Can another ‘Peshawar’ be averted ?
27 Dec. 2014
The answer to this question may lie in the half- hearted, knee-jerk and ‘public- consumption’ measures taken by the government in the last few days. The post-trauma stress has squeezed the last traces of functionality from a set of rulers not famous for their intellectual dexterity. There is much evidence to suggest that we may have learnt nothing except to recycle more of the same gibberish, packed as conferences and committees that have never ever served their purpose.
Taliban-sympathetic politicians, ministers, advisers and apologists continue to walk in the corridors of power? The CDA Chairman not only allows but also pays for operating a militant pro-Taliban outfit in Lal Masjid located right under its nose. Should the interior minister not be considered a promoter of Taliban for taking no action against Jamia Hafsa , which now acts as the ISIS country headquarter and where the clerics swear allegiance to Abu Bakar Al-Baghdadi to wage war against the state of Pakistan. How come many terrorists of Jhangvi, Lakhvi, SSP, the ‘Jamaat-ud-dawah’ and those based in Punjab still roam around free on the streets of Pakistan?
There are at least five other categories of militants (besides the ‘good’ and the ‘bad’ Taliban), just as hazardous and just as barbaric who also need to be eliminated before sanity returns to Pakistan. These are (a) those who kill others because of religious differences (b) those who incite violence and hatred from their pulpits (c) those who engage in violence such as burning their bonded labour in kilns (d) those feudal land-lords who give nothing but lifelong wretchedness and misery to their tillers and (e) those sophisticated urban militants who live in posh areas of the country and are engaged in crime, lawlessness and massive syphoning of national resources. Just on one street of Karachi, stand 15 government vehicles (mis)used by the brother of a minister for the last seven years. His government however claims shortage of funds and remains unperturbed when 300 children die of hunger and thirst in Thar. Creating planned poverty is another form of terrorism – only a shade higher.
Pakistan failed to understand, what other nations had understood some 200 years ago. Religion could be the business of individuals but not of the state. States do not have ideologies. They have functions to perform, such as delivering justice, equality and wellbeing of citizens. Pakistan’s foremost priority must be to implement Jinnah’s words, “You may belong to any religion, caste or creed – that has nothing to do with the business of the State.” Radical constitutional amendments are inevitable. Failing to do so shall keep the religious groups eternally engaged in promoting their brands through indigenous and sponsored violence.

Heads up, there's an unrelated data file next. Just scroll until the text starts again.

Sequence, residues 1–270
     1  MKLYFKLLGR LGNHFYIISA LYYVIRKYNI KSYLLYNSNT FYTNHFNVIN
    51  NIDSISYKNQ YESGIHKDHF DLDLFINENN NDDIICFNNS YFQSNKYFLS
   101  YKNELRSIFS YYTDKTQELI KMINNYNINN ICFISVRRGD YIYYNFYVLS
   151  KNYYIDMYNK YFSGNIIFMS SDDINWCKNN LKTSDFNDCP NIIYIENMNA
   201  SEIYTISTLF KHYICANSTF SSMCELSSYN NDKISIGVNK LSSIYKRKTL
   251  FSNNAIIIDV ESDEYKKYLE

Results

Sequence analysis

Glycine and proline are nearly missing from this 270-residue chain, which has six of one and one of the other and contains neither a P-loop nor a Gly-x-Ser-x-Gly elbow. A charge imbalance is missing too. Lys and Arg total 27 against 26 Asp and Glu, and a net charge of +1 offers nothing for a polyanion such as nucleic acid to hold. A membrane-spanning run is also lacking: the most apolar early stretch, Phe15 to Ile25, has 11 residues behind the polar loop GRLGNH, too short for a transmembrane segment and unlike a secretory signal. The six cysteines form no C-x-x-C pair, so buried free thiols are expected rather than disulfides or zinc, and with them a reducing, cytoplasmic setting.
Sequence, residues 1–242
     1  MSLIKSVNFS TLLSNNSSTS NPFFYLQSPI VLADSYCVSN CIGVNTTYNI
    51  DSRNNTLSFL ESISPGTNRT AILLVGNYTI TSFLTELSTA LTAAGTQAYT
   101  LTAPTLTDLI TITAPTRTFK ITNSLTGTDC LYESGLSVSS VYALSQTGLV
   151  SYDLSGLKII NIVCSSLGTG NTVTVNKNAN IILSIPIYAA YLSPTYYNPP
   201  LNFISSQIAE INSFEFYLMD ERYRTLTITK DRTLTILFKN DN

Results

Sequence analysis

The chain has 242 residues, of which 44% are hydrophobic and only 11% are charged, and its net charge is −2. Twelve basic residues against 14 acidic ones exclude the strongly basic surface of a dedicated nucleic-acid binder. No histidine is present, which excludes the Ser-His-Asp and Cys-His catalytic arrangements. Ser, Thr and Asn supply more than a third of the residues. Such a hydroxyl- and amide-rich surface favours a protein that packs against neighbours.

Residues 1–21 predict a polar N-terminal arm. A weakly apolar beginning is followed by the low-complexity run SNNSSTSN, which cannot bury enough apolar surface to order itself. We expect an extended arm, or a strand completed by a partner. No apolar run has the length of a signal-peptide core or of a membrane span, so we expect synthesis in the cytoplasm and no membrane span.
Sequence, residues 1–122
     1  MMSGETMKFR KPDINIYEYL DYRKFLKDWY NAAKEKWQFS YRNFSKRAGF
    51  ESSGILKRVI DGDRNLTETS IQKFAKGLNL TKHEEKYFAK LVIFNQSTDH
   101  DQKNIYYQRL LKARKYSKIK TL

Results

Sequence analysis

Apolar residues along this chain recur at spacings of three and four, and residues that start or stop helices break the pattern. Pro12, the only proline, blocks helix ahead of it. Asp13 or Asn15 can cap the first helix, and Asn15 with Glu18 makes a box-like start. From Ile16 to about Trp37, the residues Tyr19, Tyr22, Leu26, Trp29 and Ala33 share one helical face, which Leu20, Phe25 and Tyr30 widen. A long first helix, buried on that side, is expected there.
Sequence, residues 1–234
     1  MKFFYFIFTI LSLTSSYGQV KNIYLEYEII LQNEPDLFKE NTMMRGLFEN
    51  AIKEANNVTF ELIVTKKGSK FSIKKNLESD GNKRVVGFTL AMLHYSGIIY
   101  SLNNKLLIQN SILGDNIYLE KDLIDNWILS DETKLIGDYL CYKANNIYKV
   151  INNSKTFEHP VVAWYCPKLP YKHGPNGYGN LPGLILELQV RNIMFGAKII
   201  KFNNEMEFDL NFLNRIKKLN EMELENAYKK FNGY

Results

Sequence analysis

The next essential step for Pakistan is to shed its addiction of living on beggary from the West and charity from the Mid-East – also called the ‘beg-arity’ syndrome. Could we not survive without Arab countries sponsoring hundreds of ‘ moulvis’, mosques and ‘madrassas’ in Pakistan? It is time to stop all charity and religious funding from any country to any individual or group in Pakistan. The state has no capacity to reform the ‘madrassas’. It simply needs to shut the militant ones and convert the rest to regular schools. Needless to say that converting ‘madrassas’ into schools would be meaningful only after the syllabi has been purged of all hate and violence-inducing content.
It is not clear if the army realises that Zarb e Azab is necessary but not enough to ensure success. It can be won only if the three core components of violence are dismantled simultaneously. These are the weapons, the illegal vehicles and the non-traceable SIMs. These three factors are central to all acts of terrorism including the one that took place in Peshawar. These factors have been repeatedly highlighted over the last many years. However our ruling class, itself engaged (as individuals and parties) in proliferation of weapons, illegal vehicles and untraceable SIMS has refused to address these issues. This class, often simplistically addressed as VIPs, is engaged in the ultimate form of terrorism by preventing any reforms to take place.
Peace is not likely to reappear by coincidence. All individuals, ‘lashkars’, private armies and political parties must be disarmed and prevented from possessing, carrying or displaying any weapon, licensed or otherwise. Illegal, unregistered and fake number-plated vehicles need to be eliminated and SIMs not traceable to any individual ought to be blocked. These actions have been taken by all those countries who fought terrorism and the least we can do is to learn from them. If the state continues to remain unmoved, the civil society, shunning its differences, must make a collective push for change. A small group of citizens protesting In front of Lal Masjid at Islamabad may have already shown the way to go.